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What is Verint Open CCaaS?
This week Verint held its annual conference, Engage 2023, in Las Vegas, hosting 1,000+ customers, partners, industry analysts and press from over 20 countries. One of the key announcements was something Verint is calling Open CCaaS.
My post of the Open CCaaS press release on social media earlier this week caused a flurry of activity. The statistics speak for themselves: in just a few days, the post garnered 17,000+ impressions, 115 reactions, 16 comments and 17 reposts on Linkedin.
I believe much of the interest stemmed from a desire to understand the announcement. For example, one commenter asked, “Did Verint launch a competing telephony solution to the likes of Five9, Genesys, and CXOne?” The polarity of the comments ranges from quite positive (“This looks exciting”) to dismissive (“The press release said nothing of substance”). If one of Verint’s goals with the Open CCaaS announcement was to start an industry-wide conversation, it certainly achieved that.
As an industry analyst, I attended a pre-announcement briefing by the executive team, including Dan Bodner, CEO, and Jaime Meritt, chief product officer, Verint, the day before the news was published. Analysts were offered an additional briefing on Open CCaaS during the event by Heather Richards, Vereint's vice president, go-to-market strategy. In addition, I had the opportunity to meet with Bodner one-on-one during Engage 2023. With this context, I am prepared to address some of the issues raised in the comments to my LinkedIn post.
Did Verint Launch a CCaaS solution? This one is easy. Verint has NOT announced that it will offer contact center as a service. One of the key tenets of Verint since its emergence as a pure-play customer engagement company (after the divestiture of the Cognyte security business) has been open interoperability with both premises contact center solutions and CCaaS. In the slide below, Verint notes that they have integrations with over 50 of what they label “telephony vendors.”
The slide, from an industry analyst briefing by Richards, also illustrates the rationale behind the Open CCaaS announcement. In the early days of broad call center system adoption, e.g., from the 1990s into the 2010s, companies began adding call centers to their business by making a communications platform decision. The same vendor’s call center application was often used to avoid duplication of communications infrastructure. Avaya, Nortel, Mitel, Siemens, and Alcatel-Lucent were vendors that sold PBX-integrated call center solutions.
Companies that had significant call center operations, e.g., airlines, hotels, and financial institutions, made standalone automatic call distributor (ACD) choices independent of the PBX. Companies like Rockwell and Aspect manufactured these ACDs, known for their superior communications capacity over PBX-integrated solutions.
With both standalone and PBX-integrated decisions, the communications infrastructure was the first decision companies made and then additional, complementary applications were added. In the early days, additional applications were largely limited to quality and workforce management applications. In the years that have followed, the mindset of choosing the telephony platform that would run the contact center first and treating everything else as an add-on has persisted. Companies often choose a chat or email interaction-handling application because of the ability to integrate with the in-place contact center solution.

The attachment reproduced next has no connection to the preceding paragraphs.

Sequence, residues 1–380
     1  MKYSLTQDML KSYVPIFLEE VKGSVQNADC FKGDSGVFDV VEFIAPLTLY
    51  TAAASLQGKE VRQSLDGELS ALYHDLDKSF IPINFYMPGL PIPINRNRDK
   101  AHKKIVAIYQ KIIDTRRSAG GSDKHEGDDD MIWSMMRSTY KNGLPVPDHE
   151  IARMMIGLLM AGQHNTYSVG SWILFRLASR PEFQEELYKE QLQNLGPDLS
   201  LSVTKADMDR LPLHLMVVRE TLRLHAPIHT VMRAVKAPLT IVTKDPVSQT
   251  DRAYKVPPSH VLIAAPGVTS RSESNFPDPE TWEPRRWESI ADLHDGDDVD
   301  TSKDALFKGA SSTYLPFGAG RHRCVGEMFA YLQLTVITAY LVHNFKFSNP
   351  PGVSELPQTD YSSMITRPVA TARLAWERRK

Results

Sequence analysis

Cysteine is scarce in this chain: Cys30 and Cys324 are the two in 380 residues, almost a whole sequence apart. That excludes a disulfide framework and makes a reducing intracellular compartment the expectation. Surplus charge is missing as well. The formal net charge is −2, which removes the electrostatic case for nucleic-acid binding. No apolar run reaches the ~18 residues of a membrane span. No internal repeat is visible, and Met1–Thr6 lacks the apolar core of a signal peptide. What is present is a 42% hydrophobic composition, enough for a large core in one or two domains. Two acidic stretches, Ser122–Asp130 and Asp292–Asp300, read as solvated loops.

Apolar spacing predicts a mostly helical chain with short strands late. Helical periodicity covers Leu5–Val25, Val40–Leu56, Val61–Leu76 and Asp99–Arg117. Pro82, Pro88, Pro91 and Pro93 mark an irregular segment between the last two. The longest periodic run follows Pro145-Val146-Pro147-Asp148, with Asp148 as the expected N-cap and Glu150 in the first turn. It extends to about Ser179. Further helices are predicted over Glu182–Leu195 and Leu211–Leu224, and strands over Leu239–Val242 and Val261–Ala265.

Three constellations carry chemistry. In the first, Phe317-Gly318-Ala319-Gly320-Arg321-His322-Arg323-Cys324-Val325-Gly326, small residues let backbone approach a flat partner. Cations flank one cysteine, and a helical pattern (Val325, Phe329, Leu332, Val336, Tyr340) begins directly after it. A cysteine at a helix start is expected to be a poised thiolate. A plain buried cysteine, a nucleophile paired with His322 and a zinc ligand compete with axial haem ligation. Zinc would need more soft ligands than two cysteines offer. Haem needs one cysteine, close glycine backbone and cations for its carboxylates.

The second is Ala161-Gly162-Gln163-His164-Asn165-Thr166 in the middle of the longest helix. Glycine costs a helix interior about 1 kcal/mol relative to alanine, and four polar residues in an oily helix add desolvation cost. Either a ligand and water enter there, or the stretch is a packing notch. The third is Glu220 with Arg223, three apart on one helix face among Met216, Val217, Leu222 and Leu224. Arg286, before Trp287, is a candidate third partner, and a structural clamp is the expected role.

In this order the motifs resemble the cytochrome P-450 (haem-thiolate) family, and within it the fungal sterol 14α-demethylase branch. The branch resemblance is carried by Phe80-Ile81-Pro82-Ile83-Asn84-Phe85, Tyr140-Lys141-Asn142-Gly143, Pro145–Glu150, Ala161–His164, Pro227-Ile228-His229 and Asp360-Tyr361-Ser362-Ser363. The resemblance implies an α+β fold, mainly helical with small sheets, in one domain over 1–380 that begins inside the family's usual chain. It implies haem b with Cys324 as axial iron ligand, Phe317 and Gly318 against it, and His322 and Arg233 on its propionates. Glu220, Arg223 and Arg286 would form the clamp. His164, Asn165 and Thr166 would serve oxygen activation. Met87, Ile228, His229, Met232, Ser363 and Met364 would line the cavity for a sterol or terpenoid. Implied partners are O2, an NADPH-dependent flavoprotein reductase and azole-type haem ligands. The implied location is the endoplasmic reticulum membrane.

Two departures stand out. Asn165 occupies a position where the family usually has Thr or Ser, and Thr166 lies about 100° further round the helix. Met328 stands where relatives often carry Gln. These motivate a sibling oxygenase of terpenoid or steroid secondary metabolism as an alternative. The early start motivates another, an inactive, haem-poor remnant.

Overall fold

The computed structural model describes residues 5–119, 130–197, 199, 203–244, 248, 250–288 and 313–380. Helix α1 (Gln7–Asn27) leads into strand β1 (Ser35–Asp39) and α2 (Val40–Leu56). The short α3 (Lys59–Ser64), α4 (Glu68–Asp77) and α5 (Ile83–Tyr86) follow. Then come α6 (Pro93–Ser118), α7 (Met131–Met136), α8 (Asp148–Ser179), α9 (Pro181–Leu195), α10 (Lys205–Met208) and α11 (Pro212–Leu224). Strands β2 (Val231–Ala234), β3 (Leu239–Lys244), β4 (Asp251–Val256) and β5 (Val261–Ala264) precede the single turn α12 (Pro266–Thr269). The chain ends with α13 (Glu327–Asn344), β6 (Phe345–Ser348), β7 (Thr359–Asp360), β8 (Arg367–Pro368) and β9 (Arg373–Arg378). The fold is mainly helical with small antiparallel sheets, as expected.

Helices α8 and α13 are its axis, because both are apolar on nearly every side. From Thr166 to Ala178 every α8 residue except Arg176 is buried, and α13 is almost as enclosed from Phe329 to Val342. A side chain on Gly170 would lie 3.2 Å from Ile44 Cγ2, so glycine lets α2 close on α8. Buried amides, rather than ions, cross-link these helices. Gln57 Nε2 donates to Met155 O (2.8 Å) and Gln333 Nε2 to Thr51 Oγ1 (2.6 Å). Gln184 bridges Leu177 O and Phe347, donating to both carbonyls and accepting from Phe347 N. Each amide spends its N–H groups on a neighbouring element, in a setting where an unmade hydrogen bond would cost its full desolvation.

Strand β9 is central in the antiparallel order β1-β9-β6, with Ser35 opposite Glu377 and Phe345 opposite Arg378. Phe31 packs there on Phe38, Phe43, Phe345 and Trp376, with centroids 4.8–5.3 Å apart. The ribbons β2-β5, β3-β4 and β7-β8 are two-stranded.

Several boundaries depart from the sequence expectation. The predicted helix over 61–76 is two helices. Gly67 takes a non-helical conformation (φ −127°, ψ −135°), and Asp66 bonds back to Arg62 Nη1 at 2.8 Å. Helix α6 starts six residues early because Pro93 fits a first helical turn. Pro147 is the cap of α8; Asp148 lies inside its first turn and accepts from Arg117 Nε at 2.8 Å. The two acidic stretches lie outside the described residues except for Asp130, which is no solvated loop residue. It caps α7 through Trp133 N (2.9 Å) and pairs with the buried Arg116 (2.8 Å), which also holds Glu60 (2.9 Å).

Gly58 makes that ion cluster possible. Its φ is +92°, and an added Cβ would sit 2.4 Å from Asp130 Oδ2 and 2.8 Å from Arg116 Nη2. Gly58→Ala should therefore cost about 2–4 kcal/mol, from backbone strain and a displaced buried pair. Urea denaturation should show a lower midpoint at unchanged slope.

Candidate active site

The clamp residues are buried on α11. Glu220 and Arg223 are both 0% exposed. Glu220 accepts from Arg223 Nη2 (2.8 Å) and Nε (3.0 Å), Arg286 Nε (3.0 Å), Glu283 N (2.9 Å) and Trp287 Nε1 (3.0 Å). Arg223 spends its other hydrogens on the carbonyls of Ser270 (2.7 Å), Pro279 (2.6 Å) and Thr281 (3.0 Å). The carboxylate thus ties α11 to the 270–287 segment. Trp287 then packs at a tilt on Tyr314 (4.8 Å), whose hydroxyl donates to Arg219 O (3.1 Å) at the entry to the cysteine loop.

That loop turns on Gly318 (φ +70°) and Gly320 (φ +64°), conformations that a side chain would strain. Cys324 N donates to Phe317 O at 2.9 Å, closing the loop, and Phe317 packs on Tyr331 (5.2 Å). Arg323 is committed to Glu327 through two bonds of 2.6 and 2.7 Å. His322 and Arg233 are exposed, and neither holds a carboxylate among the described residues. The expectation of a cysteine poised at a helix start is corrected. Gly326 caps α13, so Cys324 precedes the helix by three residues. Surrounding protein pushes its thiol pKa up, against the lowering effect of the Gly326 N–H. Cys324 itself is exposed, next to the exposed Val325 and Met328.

Fast forward to the 2020s, and CCaaS companies are evolving their solutions to include most of the elements of a customer service operation that in the past were considered add-on applications. Today this includes digital interactions management, AI, data management and WEM on a single platform. The paradigm of evaluating the voice-handling component of a customer experience solution as the most crucial component of the decision has persisted, for decades.
With Open CCaaS, Verint is hoping to change this traditional narrative. They believe that choosing a vendor with the elements of an Open CCaaS platform, shown in the diagram below, is the most important decision companies should make as they move from premises to the cloud. Verint believes that to support CX automation -- which is what they believe is what companies are looking for -- elements such as an underlying AI platform fed by an open data hub, knowledge management, voice of the customer and analytics, should drive digital transformation decisions.
One might argue that Verint could have used a different name for this new approach to customer experience purchase decisions -- perhaps CX Automation. But by using CCaaS in the name, Verint has started a conversation. Three years ago, I first recall reading about UCaaS becoming commoditized, an insight that continues to accelerate. With its Open CCaaS announcement, I believe Verint is implying that the voice element of CCaaS is becoming a commodity, and that companies should be prioritizing different elements of customer experience solutions.